How much water should I give my outdoor hemp plants?

I am sure by now you have noticed I haven’t told you an amount of water to apply in inches or gallons yet, and that’s because there is no exact amount, it all depends on your soil. As a rule, you want your soil to be moist not wet for new seedling or direct seed at first planting. Then once your hemp plants get to a height of about 6 to 8 inches and established, you can let the soil become some what dryer but not totally dry or the point there is no moisture at all in the soil. This would be a good time to use your soil moisture meter, again depending on your soil you want to try and stay around 60% moisture on your meter and nothing less for too long. You can stay at this level of around 60% for a few days depending on weather and heat. This whole time you are watching your hemp plants behavior, do they look stressed, what color are they?

Just taking a step back we got to this point of moisture after we water our plants to a point of good moisture for a few days and now we are going into the drying out phase. Drying out never means dry soil, it means moisture around 60%. If you noticed when your plants had good moisture they had a light green look and now that you are cutting back on water you will notice they are changing from light green to a darker green and this is the color you want to be at for most of the grow season. With that said the color of your plants will fluctuate throughout the season depending on the amount of water you apply. When I know we have a hot spell coming I will keep the soil good and moist and at the tail end of the hot spell I will start my drying out phase accordingly. Our soil is clay dominant so it can take a few days for the soil to reach 60% at which time we add water to good moisture and start the process over again.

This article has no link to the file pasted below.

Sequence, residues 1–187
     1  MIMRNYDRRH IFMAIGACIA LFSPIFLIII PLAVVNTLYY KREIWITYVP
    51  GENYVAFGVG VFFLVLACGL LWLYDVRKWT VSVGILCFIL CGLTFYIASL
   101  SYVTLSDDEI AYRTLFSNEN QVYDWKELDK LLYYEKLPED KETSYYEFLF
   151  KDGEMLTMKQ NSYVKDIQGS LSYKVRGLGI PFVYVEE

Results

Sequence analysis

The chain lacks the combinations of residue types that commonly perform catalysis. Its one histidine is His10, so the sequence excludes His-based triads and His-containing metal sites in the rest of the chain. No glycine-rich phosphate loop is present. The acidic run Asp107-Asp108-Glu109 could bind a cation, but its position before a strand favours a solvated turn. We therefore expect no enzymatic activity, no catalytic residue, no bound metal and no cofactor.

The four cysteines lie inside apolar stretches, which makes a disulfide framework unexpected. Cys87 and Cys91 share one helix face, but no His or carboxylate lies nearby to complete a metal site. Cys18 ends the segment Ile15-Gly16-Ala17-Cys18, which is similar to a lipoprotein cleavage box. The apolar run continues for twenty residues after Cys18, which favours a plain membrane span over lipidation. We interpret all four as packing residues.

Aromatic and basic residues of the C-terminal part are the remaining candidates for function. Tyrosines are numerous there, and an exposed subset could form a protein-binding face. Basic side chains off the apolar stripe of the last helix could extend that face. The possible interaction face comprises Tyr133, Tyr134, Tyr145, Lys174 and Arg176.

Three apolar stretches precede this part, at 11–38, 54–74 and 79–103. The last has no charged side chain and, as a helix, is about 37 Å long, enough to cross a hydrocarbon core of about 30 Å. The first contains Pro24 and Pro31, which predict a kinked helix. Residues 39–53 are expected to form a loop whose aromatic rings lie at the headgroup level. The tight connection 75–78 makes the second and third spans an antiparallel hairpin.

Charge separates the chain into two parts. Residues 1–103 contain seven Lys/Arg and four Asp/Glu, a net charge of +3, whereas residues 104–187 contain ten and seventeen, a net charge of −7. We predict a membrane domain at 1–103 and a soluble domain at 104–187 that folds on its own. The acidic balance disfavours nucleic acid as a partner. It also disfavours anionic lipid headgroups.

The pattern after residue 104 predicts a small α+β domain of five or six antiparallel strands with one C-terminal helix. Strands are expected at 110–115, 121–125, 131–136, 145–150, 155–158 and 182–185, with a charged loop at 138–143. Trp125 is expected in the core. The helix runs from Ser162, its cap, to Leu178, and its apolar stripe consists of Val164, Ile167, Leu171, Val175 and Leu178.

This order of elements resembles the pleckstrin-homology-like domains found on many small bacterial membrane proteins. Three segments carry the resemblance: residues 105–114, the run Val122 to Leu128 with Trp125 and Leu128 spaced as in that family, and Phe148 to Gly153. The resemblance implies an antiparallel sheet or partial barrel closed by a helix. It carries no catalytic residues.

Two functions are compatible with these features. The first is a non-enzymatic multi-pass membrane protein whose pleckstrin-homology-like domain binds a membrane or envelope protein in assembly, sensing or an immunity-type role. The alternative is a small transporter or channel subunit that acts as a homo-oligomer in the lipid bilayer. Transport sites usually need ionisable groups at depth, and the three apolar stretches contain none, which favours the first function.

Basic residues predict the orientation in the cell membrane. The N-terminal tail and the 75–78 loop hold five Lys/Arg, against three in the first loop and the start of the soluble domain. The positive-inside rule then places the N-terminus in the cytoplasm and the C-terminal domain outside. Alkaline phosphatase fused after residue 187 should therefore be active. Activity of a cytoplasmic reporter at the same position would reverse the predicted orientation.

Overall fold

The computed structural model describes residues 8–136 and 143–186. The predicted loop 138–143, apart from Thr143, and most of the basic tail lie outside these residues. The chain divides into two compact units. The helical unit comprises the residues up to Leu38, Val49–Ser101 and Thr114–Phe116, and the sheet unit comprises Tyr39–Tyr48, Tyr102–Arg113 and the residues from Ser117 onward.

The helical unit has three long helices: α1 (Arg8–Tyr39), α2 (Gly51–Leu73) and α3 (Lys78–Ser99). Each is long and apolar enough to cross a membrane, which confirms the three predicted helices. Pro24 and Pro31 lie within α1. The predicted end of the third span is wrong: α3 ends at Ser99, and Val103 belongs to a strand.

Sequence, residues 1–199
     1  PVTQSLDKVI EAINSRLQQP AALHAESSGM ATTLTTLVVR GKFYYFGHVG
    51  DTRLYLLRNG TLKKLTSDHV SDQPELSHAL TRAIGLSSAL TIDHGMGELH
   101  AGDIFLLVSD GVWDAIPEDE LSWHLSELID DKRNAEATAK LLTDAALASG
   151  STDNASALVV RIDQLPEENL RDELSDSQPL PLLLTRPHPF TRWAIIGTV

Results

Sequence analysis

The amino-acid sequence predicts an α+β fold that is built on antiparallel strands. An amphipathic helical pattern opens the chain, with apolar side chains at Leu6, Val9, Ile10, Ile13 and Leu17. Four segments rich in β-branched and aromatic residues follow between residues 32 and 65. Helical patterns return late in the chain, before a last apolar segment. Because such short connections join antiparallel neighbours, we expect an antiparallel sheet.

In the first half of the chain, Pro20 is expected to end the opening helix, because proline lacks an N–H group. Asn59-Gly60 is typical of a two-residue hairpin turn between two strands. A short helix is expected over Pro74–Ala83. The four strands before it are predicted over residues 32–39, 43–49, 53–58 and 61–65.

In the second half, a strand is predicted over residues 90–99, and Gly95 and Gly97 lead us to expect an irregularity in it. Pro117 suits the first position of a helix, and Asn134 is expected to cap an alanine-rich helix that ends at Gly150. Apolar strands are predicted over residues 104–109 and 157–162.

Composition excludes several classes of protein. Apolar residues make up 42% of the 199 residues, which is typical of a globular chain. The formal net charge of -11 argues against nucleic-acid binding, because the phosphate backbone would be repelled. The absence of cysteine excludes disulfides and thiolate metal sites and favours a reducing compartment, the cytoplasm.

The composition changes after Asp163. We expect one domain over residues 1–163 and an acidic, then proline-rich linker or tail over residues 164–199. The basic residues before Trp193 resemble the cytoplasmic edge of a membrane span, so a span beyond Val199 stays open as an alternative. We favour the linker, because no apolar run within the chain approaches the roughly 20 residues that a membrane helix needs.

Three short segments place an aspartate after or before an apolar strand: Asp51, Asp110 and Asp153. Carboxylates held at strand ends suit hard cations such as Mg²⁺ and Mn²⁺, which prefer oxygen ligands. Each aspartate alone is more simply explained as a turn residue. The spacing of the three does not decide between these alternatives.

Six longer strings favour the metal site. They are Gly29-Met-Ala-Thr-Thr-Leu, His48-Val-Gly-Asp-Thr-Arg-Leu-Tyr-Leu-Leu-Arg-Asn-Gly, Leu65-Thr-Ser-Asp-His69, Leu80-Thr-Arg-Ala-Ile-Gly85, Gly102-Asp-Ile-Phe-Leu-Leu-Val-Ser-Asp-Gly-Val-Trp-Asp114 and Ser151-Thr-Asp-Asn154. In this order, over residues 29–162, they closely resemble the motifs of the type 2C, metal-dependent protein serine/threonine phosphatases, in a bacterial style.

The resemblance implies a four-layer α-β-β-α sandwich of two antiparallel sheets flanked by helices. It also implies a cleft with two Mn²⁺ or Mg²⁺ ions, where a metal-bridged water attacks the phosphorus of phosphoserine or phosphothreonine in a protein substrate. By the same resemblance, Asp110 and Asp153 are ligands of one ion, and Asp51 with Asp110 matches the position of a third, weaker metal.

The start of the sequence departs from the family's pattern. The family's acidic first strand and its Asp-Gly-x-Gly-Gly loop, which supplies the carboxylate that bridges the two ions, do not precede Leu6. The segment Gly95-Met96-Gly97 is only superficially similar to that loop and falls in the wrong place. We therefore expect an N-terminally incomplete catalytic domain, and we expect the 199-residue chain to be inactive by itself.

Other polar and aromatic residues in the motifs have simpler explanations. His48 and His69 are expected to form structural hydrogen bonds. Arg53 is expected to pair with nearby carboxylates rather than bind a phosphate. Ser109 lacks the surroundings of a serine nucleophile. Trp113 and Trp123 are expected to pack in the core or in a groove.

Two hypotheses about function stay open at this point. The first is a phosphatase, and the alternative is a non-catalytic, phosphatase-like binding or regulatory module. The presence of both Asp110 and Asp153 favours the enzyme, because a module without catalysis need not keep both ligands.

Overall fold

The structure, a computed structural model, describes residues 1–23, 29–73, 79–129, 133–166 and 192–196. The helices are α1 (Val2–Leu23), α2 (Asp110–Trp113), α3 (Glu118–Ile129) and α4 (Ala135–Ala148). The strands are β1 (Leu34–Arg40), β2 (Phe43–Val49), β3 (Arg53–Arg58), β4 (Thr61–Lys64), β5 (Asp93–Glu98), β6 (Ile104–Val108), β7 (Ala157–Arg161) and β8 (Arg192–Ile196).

At any time, you notice your plants stressing take immediate action to remedy the problems. If it’s a water problem its easy to fix just add water or back off the water, let your plant settle into the adjustment for a day or so and revaluate. If it was a water problem after your water adjustment your plants will look upright and glowing.

If you’re wondering why your hemp plants, should be a dark color vs light green, is because when they are in the dark color state, all of the plants energy is going into producing big healthy hemp flower and not so much on growing leaves and stems, at the same time bigger hemp flower means more CBD oil, or if you are growing for a hemp pre rolls and smokable flower it all will taste and smell so much better.

Here at Fletcher Farms, for us it starts with the soil and then the water. Once you can dial both in, adding fertilizers and compost teas for your plants make for a much happier Farmer and hemp plant.